By Dr. Filippos Proedrou, Vice President KEDISA
Following the Juncker Commission’s “Framework Strategy for a Resilient Energy Union with a Forward-Looking Climate Change Policy”, discussions about the shape of the Energy Union are ongoing. In the policy mosaic proposed one can find diverse goals such as the establishment of solidarity mechanisms, securitization of energy, foreign policy considerations, further intra-EU, cross-border market integration and infrastructure, smart grids, transition to a low-carbon economy, promotion of renewables and smart technologies, and further regulation. Behind these different goals lie different players and interests, be they member-states, the corporate world and institutional infighting.
For now, there seems to be agreement on what is called a “first gas policy”. The EU prioritizes investments in the gas sector as the most reliable and clean steady fuel that can both replace coal and oil, as well as cover for any shortages in the estimated contributions of the intermittent renewable energy to the energy mix. Reasonable as this policy may sound, it may discourage to an extent investments on research, development and innovation with regard to smart technologies and renewable energy, this way delaying comprehensive transition to green energy and a low-carbon economy. Moreover, the fluidity and hence unreliability of projections of future gas demand may end up in an unwanted lock-in in gas consumption that may prove to be more expensive and less climate-friendly in the scenario of solid increases of renewable energy, and thus lead to stranded assets.
A second characteristic is the promotion of a low-carbon common market. Plans here range from mediocre roadmaps to reach the climate goals the EU has set for itself, to demand-side energy policies and the much bolder endeavor to create a vast EU network of “prosumers”, with consumers becoming themselves also producers of energy. This is feasible if households and businesses invest on renewable energy production themselves (through solar panels, batteries etc). Two-way meters will supply energy to and from the network, thus rendering the EU energy market greener, more efficient and more resilient.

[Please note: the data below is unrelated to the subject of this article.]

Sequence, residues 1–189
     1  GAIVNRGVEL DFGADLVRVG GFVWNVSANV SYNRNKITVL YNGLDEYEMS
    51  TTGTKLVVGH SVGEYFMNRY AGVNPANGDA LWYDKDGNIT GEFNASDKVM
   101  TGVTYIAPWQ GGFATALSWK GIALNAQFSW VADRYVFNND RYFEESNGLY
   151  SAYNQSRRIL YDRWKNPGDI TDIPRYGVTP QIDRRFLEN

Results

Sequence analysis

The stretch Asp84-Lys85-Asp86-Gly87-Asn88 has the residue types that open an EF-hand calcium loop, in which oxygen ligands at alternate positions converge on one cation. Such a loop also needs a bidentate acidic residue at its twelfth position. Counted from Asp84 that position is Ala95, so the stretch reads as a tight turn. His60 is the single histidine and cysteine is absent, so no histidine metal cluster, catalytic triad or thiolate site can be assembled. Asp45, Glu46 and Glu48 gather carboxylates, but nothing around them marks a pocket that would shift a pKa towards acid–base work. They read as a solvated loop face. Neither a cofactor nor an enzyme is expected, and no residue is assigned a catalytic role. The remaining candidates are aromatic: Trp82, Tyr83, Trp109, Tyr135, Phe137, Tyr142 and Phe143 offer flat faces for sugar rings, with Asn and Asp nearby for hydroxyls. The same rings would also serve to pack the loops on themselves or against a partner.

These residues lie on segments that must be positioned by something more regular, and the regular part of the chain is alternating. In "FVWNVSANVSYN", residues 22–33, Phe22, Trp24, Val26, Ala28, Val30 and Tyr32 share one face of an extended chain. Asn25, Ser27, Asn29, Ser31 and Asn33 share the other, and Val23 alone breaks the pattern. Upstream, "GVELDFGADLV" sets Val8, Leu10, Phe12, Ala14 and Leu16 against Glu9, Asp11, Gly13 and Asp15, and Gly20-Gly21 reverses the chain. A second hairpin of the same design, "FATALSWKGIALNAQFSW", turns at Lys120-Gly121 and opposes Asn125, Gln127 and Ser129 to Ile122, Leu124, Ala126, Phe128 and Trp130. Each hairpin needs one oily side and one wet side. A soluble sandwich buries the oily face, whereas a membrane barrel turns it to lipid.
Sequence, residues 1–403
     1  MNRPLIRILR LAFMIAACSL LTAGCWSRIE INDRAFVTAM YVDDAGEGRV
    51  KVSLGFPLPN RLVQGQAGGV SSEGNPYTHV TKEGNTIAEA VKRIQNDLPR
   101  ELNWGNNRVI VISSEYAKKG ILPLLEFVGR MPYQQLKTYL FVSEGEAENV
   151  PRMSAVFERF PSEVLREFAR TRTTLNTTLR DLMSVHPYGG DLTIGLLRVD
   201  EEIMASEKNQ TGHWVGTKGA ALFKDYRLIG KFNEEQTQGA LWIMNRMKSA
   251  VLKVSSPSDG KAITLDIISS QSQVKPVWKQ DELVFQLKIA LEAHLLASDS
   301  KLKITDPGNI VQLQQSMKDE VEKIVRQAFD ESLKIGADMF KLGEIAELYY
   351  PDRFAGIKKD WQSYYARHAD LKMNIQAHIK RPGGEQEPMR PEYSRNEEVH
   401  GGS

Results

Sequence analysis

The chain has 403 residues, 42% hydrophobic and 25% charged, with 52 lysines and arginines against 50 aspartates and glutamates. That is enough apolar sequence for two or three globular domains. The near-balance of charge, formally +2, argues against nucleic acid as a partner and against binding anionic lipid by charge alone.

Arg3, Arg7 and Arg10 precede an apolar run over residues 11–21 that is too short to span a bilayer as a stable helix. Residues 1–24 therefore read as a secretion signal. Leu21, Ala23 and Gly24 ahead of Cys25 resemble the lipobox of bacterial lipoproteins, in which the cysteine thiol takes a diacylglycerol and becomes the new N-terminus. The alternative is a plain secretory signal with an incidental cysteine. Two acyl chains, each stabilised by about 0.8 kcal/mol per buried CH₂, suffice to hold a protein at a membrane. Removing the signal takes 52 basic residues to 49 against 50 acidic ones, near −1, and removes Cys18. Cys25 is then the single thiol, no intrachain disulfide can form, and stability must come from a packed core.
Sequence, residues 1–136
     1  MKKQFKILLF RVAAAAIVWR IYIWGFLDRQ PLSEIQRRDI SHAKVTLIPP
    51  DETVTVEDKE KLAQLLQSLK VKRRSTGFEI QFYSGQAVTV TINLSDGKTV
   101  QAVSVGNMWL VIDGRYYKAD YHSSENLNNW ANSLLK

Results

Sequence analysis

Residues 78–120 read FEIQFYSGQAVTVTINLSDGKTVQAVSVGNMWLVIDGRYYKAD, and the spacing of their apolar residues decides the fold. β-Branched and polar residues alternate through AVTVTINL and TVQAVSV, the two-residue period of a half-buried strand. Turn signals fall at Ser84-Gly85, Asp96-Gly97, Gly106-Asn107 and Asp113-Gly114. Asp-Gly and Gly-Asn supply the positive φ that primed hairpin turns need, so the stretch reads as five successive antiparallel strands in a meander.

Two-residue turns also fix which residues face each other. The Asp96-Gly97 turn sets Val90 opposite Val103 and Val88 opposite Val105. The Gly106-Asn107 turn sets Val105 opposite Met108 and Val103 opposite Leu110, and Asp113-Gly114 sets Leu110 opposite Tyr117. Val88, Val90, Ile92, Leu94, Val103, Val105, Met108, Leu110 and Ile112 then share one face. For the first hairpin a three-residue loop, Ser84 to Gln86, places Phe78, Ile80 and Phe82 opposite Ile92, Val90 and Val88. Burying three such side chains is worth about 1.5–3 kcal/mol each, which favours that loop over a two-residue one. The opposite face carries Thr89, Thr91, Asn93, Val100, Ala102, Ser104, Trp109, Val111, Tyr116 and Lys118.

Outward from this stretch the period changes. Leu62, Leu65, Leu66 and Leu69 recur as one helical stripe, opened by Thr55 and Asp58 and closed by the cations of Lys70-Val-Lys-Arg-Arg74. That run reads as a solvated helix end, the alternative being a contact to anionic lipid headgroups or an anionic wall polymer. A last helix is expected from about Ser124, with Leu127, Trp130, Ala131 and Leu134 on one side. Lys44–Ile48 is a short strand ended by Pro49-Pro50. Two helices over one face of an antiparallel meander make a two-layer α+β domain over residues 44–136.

Thirdly, high dependence on Russia and turbulent North Africa and Middle East perpetually raises concerns over both energy security as well as compromising foreign policy stands in international crises and with regard to human rights. The “first gas policy” retains such chains with regard to Russia and North Africa, while it aims to unblock oil dependence on the Middle East. The advent of a resilient EU energy market run predominantly on renewables, to the contrary, bears high potential for disentangling the EU from pressures on its foreign policy. Needless to stress out, a more dynamic foreign policy vis-à-vis Russia is feasible if the energy dependence factor is removed, and the EU’s normative power can be exerted consistently in case North Africa ceases to be a crucial energy supplier.
At the same time, a renewables-run EU energy market will not only provide a raw model for other states, not least in the Energy Community and its neighborhood, but also serve to weaken authoritarian regimes around the world whose power is based on energy-born revenues. This becomes crucial for one further reason. If climate change continues unabated, further instability is bound to hit Africa and the Middle East. An inhospitable environment can only aggravate people’s displacement, to such a degree that the current refugee crisis might be considered a mock in decades’ time.
In a nutshell, the shape the Energy Union will take will have catalytic repercussions for the EU’s energy security, its climate policies and the geopolitical and geoeconomic development of the broader European space. The EU is well advised to revisit its “gas first policy” to the extent that it will not overshadow the most-far reaching and revolutionary potential of renewables and advanced research and innovation. The term low-carbon security captures the benefits of such an approach to security of supplies and relations with producers. At the same time, this can be key to the EU’s competitiveness in the global market in the decades to come. Thirdly, prioritizing climate goals is critical at this point, since the planet is already overburdened and any further carbon emissions’ increase in the atmosphere will only translate in higher economic costs, not least in terms of displacement of people, geopolitical upheavals and further turbulence in the EU’s broader neighborhood.